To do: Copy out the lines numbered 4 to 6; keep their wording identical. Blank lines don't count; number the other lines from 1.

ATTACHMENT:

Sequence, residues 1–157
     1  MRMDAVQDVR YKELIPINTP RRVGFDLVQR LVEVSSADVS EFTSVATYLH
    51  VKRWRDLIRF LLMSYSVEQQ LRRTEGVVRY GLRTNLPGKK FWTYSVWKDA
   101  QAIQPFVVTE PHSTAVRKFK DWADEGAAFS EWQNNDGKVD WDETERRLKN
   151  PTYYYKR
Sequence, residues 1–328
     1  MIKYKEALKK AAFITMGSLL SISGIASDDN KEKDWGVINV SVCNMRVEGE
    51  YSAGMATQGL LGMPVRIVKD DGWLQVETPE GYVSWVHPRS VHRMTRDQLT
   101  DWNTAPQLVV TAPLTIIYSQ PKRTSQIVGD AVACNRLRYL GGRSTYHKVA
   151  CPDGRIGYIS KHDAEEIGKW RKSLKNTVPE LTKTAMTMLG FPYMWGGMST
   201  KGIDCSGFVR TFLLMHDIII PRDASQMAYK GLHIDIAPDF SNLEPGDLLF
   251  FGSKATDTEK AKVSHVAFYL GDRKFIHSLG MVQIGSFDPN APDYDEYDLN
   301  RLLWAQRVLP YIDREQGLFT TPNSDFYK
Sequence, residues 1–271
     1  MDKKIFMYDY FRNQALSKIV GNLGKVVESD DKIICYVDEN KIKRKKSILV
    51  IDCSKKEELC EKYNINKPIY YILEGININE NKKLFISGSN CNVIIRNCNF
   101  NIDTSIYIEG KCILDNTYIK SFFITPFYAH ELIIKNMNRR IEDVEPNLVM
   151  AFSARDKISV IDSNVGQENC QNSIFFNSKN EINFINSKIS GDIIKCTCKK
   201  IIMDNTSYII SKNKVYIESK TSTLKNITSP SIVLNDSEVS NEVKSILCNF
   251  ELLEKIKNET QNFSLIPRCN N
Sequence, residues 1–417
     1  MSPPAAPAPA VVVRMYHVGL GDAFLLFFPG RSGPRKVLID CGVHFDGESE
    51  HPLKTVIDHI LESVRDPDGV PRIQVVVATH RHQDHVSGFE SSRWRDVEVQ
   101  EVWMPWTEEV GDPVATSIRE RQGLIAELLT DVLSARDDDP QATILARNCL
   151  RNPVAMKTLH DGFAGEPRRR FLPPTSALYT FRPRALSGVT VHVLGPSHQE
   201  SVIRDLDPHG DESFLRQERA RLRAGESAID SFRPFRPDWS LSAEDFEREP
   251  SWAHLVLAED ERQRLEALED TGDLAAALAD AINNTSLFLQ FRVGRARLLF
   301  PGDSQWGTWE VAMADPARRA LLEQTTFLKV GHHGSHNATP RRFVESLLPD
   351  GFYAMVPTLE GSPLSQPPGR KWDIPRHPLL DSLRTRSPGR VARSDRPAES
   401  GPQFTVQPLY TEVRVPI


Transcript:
   101  QAIQPFVVTE PHSTAVRKFK DWADEGAAFS EWQNNDGKVD WDETERRLKN
   151  PTYYYKR
Sequence, residues 1–328